Department of Education appoints its first chief economist

Jun 15, 2022
The agency said it’s part of bringing a more data-based approach to policymaking.
The Department of Education recently announced that Jordan Matsudaira will be the first chief economist in its 43-year history.
Alastair Pike/AFP via Getty Images

How a pair of tights contributed to legal protections for privacy in the U.S.

Apr 18, 2022
In a new book, legal historian Amy Gajda explores the origins of the “right to privacy.” A daring moment in a Broadway show is part of the story.
U.S. courts have balanced individual privacy rights with the public’s right to know. In a new book, Tulane law professor and former journalist Amy Gajda examines the strength of those rights today.
Photo by Chaloner Woods/Getty Images

Census undercount of Black, brown communities could ripple through economy

Apr 6, 2022
The bureau thinks it missed 3% of African Americans, 5% of Hispanics and 6% of Alaska Natives and Native Americans living on reservations.
The undercount of communities of color can influence political redistricting and the distribution of federal dollars.
Justin Sullivan/Getty Images

Does the torrent of government data make economists better at predictions?

Feb 23, 2022
FRED, a popular government website, started tracking 30 kinds of data in 1991. Now it tracks 800,000.
The 800,000 types of data that FRED tracks are basically irresistible to economists.
Creative/Getty Images

One of the world's largest economic databases turns 30

Nov 25, 2021
The Federal Reserve Economic Database, or FRED, has been an important resource for economists and more for decades. But what's next step for the database?
The exterior of the Federal Reserve Bank of St. Louis, which houses FRED.
Courtesy of the Federal Reserve Bank of St. Louis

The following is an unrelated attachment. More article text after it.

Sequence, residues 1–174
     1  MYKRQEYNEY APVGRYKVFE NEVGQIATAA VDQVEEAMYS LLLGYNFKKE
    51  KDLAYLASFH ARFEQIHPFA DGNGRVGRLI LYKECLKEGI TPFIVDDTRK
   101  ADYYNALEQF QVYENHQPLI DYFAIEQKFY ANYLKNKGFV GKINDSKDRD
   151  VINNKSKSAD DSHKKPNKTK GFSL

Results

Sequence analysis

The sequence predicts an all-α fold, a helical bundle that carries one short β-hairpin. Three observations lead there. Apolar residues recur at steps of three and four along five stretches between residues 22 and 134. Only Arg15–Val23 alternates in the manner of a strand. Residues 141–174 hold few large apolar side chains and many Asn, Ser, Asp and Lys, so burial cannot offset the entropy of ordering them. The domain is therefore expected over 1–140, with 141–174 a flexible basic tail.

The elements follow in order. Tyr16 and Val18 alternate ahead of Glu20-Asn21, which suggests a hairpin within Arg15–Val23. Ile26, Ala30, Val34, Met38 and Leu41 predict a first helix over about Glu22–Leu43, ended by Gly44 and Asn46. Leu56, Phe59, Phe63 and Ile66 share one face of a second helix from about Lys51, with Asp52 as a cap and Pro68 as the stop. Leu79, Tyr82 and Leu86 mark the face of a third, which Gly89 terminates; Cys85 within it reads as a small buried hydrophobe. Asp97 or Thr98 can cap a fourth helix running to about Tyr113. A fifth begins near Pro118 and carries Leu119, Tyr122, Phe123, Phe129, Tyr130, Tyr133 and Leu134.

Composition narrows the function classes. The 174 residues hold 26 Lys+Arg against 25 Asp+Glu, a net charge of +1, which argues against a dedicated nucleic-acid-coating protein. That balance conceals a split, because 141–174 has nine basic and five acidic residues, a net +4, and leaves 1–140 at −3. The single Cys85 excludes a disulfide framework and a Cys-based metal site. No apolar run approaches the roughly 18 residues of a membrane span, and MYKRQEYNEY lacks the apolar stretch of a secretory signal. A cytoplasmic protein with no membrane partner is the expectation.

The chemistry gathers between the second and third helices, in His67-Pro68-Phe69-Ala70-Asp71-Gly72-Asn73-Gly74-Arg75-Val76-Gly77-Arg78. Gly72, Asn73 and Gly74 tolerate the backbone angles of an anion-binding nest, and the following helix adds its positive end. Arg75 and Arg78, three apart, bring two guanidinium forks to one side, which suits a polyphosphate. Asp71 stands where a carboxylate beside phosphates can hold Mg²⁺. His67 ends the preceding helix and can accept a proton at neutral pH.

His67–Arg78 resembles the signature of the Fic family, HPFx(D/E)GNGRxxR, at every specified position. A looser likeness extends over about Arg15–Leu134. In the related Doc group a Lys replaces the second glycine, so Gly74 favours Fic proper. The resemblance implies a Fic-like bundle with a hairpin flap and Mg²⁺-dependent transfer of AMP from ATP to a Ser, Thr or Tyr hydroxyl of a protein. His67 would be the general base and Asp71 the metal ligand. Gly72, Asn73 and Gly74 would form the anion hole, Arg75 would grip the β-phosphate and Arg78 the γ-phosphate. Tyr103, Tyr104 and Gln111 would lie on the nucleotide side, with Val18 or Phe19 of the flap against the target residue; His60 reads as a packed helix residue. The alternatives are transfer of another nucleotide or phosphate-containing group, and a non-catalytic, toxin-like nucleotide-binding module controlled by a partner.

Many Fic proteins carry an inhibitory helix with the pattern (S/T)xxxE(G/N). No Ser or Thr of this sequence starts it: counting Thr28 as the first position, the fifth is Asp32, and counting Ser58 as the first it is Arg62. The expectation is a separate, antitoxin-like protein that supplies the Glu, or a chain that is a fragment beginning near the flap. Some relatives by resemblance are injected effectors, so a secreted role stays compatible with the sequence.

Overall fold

The “power and the curse” of high-frequency data

Sep 21, 2021
Employee timecard data can hint at what’s happening in the labor market in real time, but drawing conclusions takes nuance.
A waiter works in a nearly empty restaurant in New York. Among the businesses tracked by Homebase, which makes employee scheduling and timecard software, the number of employees working has declined over the past two months.
Spencer Platt via Getty Images

The human labor behind artificial intelligence

May 4, 2021
Behind every artificial intelligence project is lot of intensive human labor. Marketplace speaks to data labelers in central China.
Data labeling firms like this one in Henan province are the new factory floor of the digital age.
Charles Zhang/Marketplace

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The proposed S&P and IHS Market merger is all about consolidating data services

Nov 30, 2020
As Wall Street trading now relies heavily on computers and AI, data used to analyze various sectors is a valuable commodity.
Trading on Wall Street these days is different from what it used to be even 15 or 20 years ago.
Angela Weiss/AFP via Getty Images

Venmo emoji use is changing in the coronavirus economy

Apr 21, 2020
The payment app's public transactions reveal consumer spending habits during COVID-19 restrictions.
Recent mask emoji usage has grown by 2000% compared to March 2017, according to Quartz's analysis of Venmo data.
Keystone/Getty Images

Why this Washington Post reporter crossed the urban-rural divide

Sep 9, 2019
Washington Post reporter Christopher Ingraham once called Red Lake County, Minnesota the "worst place to live in America." Now? He lives there.
Christopher Ingraham, author of the new book "If You Lived Here You'd be Home by Now" with his family.
Courtesy of Christopher Ingraham